Two other PARP inhibitors are currently approved by the U.S. Food and Drug Administration (FDA) in “treating” ovarian cancer. Olaparib (Lynparza) is labeled after three lines of therapy and is indicated for those with gBRCA mutations, whereas rucaparib (Rubraca) is labeled after two lines of therapy. In addition to those with gBRCA mutations, rucaparib is also indicated for patients with somatic BRCA mutations.
Like homologous recombination deficiency, somatic BRCA testing requires the procurement of tumor tissue, creating new challenges. Current evidence suggests that the original tumor specimen from the primary debulking surgery can be tested and that little chronologic drift occurs in the molecular signature of the cancer. However, this is an area of active research, and repeat tumor biopsies may be needed for accurate homologous recombination deficiency or somatic BRCA testing.
It is important to remember that essentially all women with gBRCA mutations are homologous recombination deficiency–positive, but somatic BRCA is only a component of homologous recombination deficiency. Other non-BRCA somatic genes can be predictive of PARP inhibitor activity. In addition to testing tissue, the real challenge will be to educate providers to test for BRCA again—this time in the tumor—if the germline result is negative.
Impending FDA Approval
Based on the NOVA data outlined here, the FDA has established a target action date under the Prescription Drug User Fee Act of June 30, 2017, and is not currently planning to hold an advisory committee meeting to discuss the niraparib application. The NOVA study was labeled “maintenance” after response to retreatment to platinum-based chemotherapy. This is in contrast to the current approval for “treatment” in the setting of measurable disease for olaparib and rucaparib.
In reality, close to half of those enrolled on NOVA had only “partial responses” to their penultimate chemotherapy regimen, meaning that effective therapy was discontinued when they were randomized to receive niraparib or placebo. This essentially blurs the boundaries between “treatment” and “maintenance” in this setting. Finally, the December 2016 FDA approval of adding bevacizumab (Avastin) to chemotherapy in the setting of platinum-sensitive relapsed ovarian cancer, followed by “maintenance” bevacizumab, further complicates treatment decisions.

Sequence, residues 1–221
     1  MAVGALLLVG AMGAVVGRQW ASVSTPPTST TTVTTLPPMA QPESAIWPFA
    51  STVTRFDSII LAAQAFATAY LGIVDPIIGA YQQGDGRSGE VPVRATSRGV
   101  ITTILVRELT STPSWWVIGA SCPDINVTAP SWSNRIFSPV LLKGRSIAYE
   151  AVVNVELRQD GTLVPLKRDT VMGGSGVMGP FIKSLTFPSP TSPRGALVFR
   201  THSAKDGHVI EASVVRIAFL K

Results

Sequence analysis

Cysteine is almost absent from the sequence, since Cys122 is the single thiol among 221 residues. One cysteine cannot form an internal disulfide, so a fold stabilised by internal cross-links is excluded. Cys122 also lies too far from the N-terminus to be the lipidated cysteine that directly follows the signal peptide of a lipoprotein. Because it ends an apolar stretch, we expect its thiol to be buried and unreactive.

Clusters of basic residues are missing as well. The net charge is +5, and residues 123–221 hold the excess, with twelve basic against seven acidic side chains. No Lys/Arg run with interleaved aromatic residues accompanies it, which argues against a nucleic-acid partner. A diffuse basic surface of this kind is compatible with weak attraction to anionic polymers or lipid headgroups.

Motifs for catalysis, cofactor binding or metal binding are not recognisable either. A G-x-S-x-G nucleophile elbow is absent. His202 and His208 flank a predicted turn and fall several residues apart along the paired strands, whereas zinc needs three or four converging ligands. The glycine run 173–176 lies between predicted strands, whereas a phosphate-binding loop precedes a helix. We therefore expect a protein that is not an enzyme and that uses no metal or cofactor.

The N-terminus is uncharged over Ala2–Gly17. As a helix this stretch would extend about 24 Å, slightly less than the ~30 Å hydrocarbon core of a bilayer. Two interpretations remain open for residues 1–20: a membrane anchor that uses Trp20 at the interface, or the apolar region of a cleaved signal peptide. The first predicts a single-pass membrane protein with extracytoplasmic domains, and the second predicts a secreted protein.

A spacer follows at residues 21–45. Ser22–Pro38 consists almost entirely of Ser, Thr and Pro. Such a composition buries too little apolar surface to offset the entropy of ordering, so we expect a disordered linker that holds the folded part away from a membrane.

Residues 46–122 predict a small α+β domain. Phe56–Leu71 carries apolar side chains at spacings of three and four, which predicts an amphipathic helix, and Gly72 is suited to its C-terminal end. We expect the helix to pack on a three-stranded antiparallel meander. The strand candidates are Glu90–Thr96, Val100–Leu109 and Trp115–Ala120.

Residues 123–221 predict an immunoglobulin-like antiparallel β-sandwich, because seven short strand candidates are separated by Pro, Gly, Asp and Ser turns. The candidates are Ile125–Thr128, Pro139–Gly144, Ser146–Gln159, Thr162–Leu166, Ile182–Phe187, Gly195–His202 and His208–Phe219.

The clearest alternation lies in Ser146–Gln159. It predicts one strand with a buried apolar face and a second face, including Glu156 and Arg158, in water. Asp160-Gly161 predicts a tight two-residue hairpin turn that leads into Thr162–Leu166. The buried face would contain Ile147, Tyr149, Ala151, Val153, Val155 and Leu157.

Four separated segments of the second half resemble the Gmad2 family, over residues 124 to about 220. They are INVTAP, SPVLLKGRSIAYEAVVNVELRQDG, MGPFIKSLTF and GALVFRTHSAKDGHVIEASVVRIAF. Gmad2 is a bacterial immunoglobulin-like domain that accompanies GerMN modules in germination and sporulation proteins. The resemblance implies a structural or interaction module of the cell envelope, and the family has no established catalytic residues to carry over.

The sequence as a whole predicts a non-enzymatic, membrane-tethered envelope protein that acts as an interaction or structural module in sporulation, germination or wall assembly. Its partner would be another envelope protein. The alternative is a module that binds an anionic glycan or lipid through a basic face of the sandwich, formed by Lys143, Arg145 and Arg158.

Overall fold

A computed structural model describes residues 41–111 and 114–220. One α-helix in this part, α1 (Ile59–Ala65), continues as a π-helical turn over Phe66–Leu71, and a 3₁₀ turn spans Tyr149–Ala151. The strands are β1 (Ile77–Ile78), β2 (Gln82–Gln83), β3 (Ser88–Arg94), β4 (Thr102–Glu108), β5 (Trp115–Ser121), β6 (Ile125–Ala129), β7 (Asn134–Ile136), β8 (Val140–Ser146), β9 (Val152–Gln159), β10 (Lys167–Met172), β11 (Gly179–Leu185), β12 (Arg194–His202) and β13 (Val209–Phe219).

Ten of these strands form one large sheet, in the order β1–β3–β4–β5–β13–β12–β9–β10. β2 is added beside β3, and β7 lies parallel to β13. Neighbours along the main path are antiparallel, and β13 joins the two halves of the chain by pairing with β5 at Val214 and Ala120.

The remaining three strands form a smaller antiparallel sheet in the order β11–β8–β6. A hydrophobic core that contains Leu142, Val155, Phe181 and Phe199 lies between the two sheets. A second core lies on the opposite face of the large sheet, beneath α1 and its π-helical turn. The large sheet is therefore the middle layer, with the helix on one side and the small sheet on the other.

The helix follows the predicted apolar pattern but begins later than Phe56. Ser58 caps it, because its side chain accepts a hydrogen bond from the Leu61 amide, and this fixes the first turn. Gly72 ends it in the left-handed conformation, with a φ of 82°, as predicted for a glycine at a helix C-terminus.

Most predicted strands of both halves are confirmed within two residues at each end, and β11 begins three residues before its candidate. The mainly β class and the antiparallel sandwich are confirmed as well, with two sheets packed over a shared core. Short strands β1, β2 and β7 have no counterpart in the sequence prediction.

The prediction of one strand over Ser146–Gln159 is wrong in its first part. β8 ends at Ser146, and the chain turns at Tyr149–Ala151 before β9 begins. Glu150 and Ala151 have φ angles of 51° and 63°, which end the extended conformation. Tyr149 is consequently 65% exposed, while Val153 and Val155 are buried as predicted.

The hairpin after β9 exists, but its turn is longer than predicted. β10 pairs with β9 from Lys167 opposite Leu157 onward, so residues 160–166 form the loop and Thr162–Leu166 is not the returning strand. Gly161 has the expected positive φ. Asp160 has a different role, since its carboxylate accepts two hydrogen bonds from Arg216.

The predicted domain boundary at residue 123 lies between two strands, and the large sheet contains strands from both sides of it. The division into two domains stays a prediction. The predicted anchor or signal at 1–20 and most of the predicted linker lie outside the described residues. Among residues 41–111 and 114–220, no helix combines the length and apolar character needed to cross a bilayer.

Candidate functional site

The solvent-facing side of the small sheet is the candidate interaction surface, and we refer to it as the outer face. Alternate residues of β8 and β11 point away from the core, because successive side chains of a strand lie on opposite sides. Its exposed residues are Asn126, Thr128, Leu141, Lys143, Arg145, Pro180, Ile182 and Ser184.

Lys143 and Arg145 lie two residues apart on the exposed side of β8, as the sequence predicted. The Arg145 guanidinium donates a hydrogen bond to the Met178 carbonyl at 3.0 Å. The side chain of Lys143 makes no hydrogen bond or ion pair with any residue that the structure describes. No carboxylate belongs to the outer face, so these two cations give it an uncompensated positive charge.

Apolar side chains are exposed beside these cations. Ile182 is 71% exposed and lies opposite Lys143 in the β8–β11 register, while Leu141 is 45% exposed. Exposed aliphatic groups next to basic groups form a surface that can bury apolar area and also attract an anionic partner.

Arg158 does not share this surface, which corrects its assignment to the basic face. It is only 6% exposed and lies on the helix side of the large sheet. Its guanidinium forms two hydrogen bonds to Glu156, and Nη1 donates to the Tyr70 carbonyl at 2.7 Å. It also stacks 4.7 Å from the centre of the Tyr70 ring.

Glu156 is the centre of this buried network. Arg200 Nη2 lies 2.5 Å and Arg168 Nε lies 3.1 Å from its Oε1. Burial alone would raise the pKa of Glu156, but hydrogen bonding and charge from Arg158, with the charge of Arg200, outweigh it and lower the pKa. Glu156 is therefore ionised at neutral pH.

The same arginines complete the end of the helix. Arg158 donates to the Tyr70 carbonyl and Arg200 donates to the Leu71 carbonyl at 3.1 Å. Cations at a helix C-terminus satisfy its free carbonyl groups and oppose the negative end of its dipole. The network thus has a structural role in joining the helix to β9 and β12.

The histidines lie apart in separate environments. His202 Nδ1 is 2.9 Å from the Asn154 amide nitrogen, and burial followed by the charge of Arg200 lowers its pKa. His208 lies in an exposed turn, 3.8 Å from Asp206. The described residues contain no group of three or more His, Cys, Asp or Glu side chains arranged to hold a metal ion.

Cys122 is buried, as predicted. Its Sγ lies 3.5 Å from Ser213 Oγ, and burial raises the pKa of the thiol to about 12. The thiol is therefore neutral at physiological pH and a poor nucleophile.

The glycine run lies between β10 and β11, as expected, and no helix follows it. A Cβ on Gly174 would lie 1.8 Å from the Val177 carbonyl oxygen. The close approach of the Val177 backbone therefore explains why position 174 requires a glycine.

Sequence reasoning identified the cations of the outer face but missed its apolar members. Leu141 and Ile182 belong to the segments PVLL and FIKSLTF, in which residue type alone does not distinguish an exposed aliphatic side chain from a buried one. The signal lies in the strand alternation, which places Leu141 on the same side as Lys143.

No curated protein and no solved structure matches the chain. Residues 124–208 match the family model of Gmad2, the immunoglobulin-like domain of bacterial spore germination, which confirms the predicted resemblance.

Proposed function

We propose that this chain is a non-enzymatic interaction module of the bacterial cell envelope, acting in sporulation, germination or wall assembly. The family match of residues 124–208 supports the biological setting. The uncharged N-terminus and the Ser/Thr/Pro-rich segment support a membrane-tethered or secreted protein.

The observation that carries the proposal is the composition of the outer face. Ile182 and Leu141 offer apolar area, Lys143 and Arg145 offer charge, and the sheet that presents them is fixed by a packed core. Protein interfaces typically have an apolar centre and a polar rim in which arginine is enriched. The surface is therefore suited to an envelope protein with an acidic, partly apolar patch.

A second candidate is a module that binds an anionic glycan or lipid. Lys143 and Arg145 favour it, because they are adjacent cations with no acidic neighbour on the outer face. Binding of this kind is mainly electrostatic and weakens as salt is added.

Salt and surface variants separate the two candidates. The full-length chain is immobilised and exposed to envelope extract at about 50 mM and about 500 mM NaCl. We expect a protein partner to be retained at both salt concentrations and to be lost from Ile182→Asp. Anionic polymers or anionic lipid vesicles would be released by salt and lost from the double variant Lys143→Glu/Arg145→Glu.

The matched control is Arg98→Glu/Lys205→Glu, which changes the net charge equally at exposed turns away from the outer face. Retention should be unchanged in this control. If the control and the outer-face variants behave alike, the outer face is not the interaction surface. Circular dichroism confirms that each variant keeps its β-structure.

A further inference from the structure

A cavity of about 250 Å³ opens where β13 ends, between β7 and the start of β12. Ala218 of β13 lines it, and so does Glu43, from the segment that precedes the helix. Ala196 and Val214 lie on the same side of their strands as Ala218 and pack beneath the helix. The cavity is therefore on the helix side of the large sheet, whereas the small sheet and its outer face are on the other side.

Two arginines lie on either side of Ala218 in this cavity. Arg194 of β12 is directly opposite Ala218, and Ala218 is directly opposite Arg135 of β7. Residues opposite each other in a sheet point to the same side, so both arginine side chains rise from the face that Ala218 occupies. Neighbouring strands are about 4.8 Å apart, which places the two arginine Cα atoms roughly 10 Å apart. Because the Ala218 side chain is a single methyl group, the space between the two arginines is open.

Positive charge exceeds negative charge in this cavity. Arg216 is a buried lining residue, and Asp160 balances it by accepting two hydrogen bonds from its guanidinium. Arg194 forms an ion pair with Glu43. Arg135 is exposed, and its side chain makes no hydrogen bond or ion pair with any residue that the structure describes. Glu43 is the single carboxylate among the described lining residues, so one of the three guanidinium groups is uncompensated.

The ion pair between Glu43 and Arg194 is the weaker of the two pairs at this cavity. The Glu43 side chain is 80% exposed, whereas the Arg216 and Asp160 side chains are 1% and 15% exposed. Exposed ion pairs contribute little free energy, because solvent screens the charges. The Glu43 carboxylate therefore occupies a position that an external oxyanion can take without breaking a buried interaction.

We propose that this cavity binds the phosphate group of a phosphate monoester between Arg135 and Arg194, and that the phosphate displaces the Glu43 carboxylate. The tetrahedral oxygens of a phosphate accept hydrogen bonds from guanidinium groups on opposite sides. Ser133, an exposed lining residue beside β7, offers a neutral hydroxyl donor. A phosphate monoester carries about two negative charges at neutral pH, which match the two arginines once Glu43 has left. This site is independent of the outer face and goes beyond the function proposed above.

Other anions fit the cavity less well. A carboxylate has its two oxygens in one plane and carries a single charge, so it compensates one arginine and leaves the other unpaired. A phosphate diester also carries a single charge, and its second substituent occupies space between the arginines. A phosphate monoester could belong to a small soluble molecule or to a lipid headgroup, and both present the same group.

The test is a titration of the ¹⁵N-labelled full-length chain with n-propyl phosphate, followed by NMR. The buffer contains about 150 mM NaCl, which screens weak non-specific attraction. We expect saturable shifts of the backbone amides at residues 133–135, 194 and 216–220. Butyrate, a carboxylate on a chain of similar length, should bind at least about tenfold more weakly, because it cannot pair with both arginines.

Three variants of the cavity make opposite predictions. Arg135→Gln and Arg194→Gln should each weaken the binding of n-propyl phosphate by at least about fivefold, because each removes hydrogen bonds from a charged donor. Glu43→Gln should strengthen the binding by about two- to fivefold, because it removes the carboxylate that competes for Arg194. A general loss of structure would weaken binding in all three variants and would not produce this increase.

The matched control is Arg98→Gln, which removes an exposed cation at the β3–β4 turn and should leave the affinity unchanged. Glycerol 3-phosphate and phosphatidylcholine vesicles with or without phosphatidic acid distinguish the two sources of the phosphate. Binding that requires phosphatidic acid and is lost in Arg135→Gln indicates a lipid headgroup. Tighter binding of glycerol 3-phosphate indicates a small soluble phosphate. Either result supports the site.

Niraparib is clearly an active and tolerable PARP inhibitor in treating ovarian cancer based on the NOVA data. The impending FDA approval as well as the precise FDA-labeled indication are eagerly anticipated. Sequencing of agents, comparative effectiveness of PARP inhibitors, novel combinations, mechanisms of resistance, and ways to improve survivorship—and ultimately overall survival—remain active areas of research. ■
Disclosure: Dr. Monk has served as an advisor or consultant for Advaxis, Amgen, AstraZeneca, Clovis, Genentech, Gradalis, Insys, Mateon (formally OxiGENE), Merck, Roche, Pfizer, PPD, Precision Oncology, and Tesaro. He has served as a speaker for AstraZeneca, Genentech, Janssen/Johnson & Johnson, and Roche, and his institution has received grants for clinical research from Amgen, Array BioPharma, Genentech, Janssen/Johnson & Johnson, Lilly, Morphotek, and Tesaro.
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In a phase III trial (ENGOT-OV16/NOVA) reported at the 2016 ESMO (European Society for Medical Oncology) Congress and in The New England Journal of Medicine by Mansoor R. Mirza, MD, of the...